Mar 23, 2016 — by: Mark Reschke
Categories: MacBook, News, Predictions, Products, Special Events, Tim Cook, WWDC, MacBook with retina display

New_macbookSay it ain't so but DigiTimes may have just pulled a rabbit out of their hat, but even a broken clock is right twice a day. The publication's latest rumor claims Apple will be launching all-new MacBooks during the second calendar quarter. Of course, DigiTimes may only have this partially correct.

During Apple's special event on Monday no new MacBook graced the stage, leaving many wondering when the now aging year old product would receive an update. I've speculated that a 14" version, complimenting the 12.1" model would make a great fit to the lineup, but nothing has yet to materialize.

Many media outlets are speculating DigiTimes is suggesting this is an update to Apple's MacBook Pro lineup, but DigiTimes does not claim this. Rather, they specifically use the term MacBook, avoiding use of the MacBook Pro nomenclature. The timing for a MacBook refresh is now overdue, but Intel's processor delays is the likely culprit holding up an Apple release. The most logical time for Apple to add another model into the ultra-slim and light lineup is in June at Apple's World Wide Developers Conference (WWDC).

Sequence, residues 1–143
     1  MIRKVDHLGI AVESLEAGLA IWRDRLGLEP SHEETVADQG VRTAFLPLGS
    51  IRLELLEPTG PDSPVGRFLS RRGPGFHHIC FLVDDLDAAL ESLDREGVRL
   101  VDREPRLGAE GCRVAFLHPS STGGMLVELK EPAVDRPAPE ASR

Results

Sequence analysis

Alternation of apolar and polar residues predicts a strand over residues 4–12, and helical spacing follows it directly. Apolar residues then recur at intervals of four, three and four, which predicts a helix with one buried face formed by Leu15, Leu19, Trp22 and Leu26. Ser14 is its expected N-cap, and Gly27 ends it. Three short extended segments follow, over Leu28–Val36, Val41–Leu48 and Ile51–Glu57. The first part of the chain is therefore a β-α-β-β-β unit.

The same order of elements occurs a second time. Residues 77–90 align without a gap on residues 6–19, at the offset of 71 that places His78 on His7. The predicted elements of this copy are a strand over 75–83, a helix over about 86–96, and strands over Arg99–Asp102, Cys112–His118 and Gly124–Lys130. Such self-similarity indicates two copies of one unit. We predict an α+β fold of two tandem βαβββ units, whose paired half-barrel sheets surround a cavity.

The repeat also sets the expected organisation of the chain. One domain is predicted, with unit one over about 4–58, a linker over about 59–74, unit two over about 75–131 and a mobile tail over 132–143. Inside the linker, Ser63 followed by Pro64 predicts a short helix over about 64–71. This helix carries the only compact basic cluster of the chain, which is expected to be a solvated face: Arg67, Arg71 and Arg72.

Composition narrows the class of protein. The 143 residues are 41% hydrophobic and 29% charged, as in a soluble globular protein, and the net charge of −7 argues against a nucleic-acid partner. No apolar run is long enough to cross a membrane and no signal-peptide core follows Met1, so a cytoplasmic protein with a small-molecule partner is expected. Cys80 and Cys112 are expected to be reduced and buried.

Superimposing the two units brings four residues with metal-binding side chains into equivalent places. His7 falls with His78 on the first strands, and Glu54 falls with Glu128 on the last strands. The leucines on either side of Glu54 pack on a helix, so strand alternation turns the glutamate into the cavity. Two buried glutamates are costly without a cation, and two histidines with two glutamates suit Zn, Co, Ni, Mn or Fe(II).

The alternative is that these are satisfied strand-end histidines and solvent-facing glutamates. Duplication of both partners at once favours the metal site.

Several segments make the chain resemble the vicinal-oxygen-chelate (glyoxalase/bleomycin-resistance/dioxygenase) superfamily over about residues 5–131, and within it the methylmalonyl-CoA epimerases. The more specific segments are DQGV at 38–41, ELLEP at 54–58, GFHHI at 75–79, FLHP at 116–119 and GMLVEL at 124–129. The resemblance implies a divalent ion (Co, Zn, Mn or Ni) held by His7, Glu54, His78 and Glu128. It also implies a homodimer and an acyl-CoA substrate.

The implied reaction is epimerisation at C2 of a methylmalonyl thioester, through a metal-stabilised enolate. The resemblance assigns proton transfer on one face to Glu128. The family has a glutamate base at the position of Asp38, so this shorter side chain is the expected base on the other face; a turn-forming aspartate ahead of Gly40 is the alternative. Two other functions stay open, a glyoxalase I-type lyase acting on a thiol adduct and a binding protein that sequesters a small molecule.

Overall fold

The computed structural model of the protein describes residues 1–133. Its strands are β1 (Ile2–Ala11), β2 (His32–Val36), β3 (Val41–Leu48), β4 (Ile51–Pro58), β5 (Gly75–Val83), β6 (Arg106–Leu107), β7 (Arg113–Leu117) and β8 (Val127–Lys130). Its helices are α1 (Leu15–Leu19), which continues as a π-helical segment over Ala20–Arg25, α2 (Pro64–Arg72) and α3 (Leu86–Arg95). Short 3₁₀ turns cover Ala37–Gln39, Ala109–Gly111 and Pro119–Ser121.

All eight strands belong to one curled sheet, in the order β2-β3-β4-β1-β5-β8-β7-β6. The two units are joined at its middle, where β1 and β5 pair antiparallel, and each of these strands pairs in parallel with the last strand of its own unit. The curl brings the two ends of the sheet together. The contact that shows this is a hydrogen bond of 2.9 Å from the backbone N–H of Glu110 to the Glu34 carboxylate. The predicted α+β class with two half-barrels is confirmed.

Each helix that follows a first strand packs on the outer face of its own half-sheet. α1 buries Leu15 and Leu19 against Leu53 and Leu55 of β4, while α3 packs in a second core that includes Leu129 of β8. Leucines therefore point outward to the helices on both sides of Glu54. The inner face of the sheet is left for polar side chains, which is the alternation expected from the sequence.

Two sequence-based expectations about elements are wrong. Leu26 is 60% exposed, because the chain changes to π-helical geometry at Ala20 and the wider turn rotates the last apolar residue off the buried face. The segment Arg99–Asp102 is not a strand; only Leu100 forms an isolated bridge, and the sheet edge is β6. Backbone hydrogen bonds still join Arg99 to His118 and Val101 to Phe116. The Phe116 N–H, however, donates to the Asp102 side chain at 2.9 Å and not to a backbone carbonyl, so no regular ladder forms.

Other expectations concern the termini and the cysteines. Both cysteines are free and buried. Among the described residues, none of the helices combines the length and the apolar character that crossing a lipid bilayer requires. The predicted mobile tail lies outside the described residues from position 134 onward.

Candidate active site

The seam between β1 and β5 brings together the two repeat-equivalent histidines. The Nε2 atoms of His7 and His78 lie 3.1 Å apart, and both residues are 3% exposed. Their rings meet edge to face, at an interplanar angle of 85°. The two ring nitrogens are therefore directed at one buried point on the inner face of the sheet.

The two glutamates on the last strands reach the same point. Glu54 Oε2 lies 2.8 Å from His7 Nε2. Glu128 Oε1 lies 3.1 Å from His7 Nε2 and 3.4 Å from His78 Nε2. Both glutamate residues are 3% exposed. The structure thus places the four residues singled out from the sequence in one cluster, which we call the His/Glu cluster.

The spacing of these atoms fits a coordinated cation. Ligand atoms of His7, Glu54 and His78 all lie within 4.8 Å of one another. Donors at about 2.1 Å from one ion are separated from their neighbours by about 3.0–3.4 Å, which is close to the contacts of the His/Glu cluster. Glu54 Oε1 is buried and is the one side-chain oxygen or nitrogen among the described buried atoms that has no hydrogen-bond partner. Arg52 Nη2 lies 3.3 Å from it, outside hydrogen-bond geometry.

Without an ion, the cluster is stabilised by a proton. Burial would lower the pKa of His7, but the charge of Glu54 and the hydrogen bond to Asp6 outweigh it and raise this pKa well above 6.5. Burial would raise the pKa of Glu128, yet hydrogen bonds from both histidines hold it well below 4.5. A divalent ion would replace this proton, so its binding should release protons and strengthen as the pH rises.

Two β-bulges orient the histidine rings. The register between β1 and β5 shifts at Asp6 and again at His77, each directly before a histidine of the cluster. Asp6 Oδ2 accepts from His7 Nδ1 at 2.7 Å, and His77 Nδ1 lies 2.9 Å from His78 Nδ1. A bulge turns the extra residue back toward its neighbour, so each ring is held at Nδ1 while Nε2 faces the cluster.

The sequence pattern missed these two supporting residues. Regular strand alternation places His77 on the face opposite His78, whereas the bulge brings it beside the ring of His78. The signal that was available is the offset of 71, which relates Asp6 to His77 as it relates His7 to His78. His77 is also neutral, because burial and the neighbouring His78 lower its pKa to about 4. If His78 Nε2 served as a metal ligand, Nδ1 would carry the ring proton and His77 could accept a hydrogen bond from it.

Intel's delays lead to another elephant in the room no one seems ready to answer: When will Apple begin to transition their Mac's to their own series of processors? I've clearly bellyached about this for a few years now, but with the success of Apple's A9X desktop class processor, an A10X processor seems an ideal fit for the MacBook product line. If such a processor transition takes place (which is just a matter of time), WWDC makes the most logical point in time to make the switch, giving developers ample hands-on instruction in how to tailor and optimize their code for Apple's processors.

Apple's move from Motorola PowerPC processors to Intel chipsets took place at WWDC, so I am crossing my fingers that this June will mark Apple's move to introducing their own processors into Macs, slowly ushering Intel out of the lineup. Apple relying on their own processors would not only save Apple – and perhaps customers – money, but would likely deliver better battery life and fewer launch delays.

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